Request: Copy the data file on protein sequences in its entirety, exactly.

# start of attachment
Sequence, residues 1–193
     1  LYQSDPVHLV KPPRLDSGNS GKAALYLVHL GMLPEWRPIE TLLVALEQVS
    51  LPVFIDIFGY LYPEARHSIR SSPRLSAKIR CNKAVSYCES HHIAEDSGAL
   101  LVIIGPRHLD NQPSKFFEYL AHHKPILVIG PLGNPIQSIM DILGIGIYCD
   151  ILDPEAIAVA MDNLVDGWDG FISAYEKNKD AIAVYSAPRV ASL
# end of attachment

Sequence, residues 1–193
     1  LYQSDPVHLV KPPRLDSGNS GKAALYLVHL GMLPEWRPIE TLLVALEQVS
    51  LPVFIDIFGY LYPEARHSIR SSPRLSAKIR CNKAVSYCES HHIAEDSGAL
   101  LVIIGPRHLD NQPSKFFEYL AHHKPILVIG PLGNPIQSIM DILGIGIYCD
   151  ILDPEAIAVA MDNLVDGWDG FISAYEKNKD AIAVYSAPRV ASL